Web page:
Hospitalisation Claim - Non-Disclosure
The insured was admitted on 1 March 2016 for Neissera Meningitis Bacteria, Atrial Fibrillation secondary to Sepsis, Acute Kidney Injury secondary to Sepsis, Syphillis and Dry Gangrene of foot.
However, the insured’s hospitalization claim was repudiated on the ground of non-disclosure of the insured’s medical condition,i.e. syphilis for more than 40 years which was not disclosed in the Proposal Form dated 24 July 2005.
The insurer’s decision was based on the Discharge Summary dated 2 June 2016 wherein it was reported that the Insured’s past medical history includes history of Syphilis for more than 40 years ago.
Investigation and Findings
It was observed by the Case Manager that the insured’s Proposal Form contained the following questions:-
2. Has the person to be insured ever undergone any surgical operation?
3. Has the person to be insured ever been hospitalised for any illness or injury?
4. Is the person to be insured currently under medication or supervision of a doctor or physician for any illness or disability?”
The insured had answered ‘Yes’ to Question 2, 3 and 4 in the proposal form and disclosed the following medical condition:-
- Operation for slip disc in 1994;
- Gallbladder removal in 1998/99; and
- Hypertension in 1998.
It is important to highlight that the insured had disclosed all his medical condition except for Syphilis which was diagnosed for more than 40 years during the completion of the said Proposal Form.
The law on non-disclosure is based on the ‘reasonable insured’ test under Section 150(1) of the Insurance Act 1996 and as propounded in Pacific & Orient Insurance Co. Sdn Bhd v Kathirvelu (92), MLJ 249, i.e. a reasonable person in the circumstances could be expected to know to be relevant;
It is interesting to note that the diagnosis of Syphilis was made for more than 40 years with no subsequent follow up treatment. Thus, there is a tendency for the insured to forget his one-off diagnosis of Syphilis. On this note the Case Manager referred to the judgment of Sir Robert P. Collier in Connecticut Mutual Life Assurance Co. of Hertford v. Moore  6 AC 644, wherein it was held that:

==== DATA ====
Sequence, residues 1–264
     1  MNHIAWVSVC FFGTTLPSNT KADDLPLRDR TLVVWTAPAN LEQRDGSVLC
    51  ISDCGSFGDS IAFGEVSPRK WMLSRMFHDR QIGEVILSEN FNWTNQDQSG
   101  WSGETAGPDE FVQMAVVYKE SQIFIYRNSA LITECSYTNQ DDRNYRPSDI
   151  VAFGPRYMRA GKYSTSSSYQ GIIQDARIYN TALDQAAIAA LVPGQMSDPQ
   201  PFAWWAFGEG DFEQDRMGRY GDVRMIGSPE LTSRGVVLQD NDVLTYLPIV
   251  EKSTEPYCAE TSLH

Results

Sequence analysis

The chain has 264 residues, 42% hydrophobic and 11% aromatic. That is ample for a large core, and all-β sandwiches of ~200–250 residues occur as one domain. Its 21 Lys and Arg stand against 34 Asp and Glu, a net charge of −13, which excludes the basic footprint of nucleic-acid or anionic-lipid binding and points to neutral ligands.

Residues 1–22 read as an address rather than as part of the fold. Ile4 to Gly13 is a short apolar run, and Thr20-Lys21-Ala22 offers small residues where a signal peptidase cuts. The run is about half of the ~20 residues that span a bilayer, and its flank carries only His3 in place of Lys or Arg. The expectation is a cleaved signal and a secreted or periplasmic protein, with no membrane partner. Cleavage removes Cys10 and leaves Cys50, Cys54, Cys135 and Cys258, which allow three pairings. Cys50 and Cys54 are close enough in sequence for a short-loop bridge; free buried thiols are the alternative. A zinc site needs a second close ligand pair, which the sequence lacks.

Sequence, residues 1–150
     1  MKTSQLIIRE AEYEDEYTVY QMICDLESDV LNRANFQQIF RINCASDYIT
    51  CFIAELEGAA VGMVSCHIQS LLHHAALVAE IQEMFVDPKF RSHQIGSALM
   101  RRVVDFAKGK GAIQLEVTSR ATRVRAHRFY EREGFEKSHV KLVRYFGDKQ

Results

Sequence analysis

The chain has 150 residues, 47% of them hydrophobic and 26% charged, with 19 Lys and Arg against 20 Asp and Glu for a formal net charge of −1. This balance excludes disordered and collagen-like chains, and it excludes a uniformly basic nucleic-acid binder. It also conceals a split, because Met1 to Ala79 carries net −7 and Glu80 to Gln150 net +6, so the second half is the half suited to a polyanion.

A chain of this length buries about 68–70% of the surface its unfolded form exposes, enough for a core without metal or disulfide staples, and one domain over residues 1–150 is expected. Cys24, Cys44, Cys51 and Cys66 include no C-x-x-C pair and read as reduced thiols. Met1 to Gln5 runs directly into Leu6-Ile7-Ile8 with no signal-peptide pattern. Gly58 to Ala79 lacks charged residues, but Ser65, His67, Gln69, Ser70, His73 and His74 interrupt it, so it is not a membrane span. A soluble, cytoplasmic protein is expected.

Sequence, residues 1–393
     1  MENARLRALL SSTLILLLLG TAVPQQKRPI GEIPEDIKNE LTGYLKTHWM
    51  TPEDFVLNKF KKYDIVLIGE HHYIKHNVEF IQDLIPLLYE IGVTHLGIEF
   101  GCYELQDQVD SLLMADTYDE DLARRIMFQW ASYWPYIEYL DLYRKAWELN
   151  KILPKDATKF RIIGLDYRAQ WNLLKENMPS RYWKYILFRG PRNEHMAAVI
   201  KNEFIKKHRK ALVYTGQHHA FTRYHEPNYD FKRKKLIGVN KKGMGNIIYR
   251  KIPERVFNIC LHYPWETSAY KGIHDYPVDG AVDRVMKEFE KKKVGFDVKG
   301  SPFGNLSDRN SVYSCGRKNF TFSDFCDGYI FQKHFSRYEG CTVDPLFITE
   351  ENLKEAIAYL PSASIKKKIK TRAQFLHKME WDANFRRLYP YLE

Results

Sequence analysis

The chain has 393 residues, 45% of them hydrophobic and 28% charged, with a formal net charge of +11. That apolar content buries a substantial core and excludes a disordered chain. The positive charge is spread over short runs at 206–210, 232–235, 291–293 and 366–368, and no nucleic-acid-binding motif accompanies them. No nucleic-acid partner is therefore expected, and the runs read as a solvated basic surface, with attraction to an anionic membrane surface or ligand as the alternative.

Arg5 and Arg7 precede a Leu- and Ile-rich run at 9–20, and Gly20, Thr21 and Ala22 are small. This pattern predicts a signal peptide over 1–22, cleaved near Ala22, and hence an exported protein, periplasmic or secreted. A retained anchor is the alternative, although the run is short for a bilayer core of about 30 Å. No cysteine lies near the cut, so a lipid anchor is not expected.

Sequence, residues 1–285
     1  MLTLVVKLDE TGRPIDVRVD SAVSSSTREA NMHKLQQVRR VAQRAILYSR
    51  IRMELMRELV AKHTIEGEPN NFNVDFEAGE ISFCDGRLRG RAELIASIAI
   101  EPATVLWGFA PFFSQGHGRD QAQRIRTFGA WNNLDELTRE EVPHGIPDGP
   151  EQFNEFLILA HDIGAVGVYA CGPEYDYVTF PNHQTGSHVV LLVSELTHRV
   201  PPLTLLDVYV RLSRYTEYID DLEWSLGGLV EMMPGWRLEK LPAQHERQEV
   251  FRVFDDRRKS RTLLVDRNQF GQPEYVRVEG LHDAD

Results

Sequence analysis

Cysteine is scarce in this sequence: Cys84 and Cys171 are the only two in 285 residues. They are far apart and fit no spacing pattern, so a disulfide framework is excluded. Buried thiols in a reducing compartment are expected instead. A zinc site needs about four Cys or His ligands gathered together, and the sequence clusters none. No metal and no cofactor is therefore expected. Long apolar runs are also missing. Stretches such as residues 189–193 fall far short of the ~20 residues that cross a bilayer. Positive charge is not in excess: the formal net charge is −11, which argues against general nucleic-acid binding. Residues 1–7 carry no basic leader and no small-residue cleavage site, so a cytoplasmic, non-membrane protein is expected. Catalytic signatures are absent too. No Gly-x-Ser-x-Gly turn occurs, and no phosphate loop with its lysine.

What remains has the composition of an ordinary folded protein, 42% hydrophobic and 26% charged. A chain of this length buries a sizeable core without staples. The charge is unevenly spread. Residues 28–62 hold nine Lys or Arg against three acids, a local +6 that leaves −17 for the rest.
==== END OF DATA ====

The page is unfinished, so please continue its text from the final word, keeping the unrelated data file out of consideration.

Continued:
“They could not reasonably expect a man of mature age to recollect and disclose every illness, however slight, or every personal injury, consisting of a contusion, or a cut, or a blow, which he might have suffered in the course of his life. It is manifest that this question must be read with some limitation and qualification to render it reasonable;
In addition to this, it was also noted that there was no specific question in the said Proposal Form which requires the insured to disclose his history of Syphilis for more than 40 years ago. Being a layman and not medically trained the insured could not be expected to disclose his medical condition when the proposal form does not reflect any questions of such effect. In the absence of such it has the effect of limiting the insured’s duty of disclosure.
The Case Manager highlighted the following:-
- In the case of Roberts v. Plaisted (1989) 2 Lloyd’s Rep. 341 it was held that when a question in a proposal form is framed in such a manner as to give an insurer all the information he requires, it may limit an insured’s duty of disclosure;
- The Bank Negara Malaysia Guidelines on Medical and Health Insurance Business (BNM/RH/GL/003-20) had set out the minimum standards aimed among others to securing a minimum protection for policy owners. It provides the following,
“D. UNDERWRITING AND TERMS OF ISSUE
12. An insurer is required to take reasonable measures to assist insurance applicants in fulfilling their duty of disclosure under Section 150 of the Insurance Act in respect of relevant information for underwriting assessments. For this purpose, an insurer shall ensure that its proposal forms:-
a) include specific questions that are designed to solicit information that is relevant to the decision of the insurer as to whether or not to accept to accept the risk, and the premium rates and terms to be applied. In principle, the questions should be appropriately scoped (in terms of details requested and reasonable timeframe to which the questions apply an insurance applicant to answer the questions with a reasonable degree of confidence without running the risk subsequently compromising his coverage as a result of inadvertent non-disclosures; and....
13. An insurer that does not comply in substance with paragraph 12 shall not subsequently repudiate a claim on grounds of non-disclosure by a policy owner....”
Based on Question 2, 3 and 4 in the Proposal Form, the insured was required to disclose:-
- any surgical operation;
- hospitalisation for any illness or injury; and
- any medication or supervision of a doctor for any illness or disability.
The only information available in the Discharge Summary is that the insured was diagnosed of Syphilis for more than 40 years ago. There was no information which showed that the insured had been hospitalised or underwent any surgery or under any medication for such illness.
The fact that the insured had disclosed his other medical conditions i.e. operation for slip disc in 1994, Gallbladder removal in 1998/99 and Hypertension in 1998, is an inference that the insured is concern with the accuracy of the answer given by him in the Proposal Form.
Based on the observation above, the Case Manager opined that the complainant’s claim warrants a review.
The insurer agreed to settle the claim based on the observation made by the Case Manager.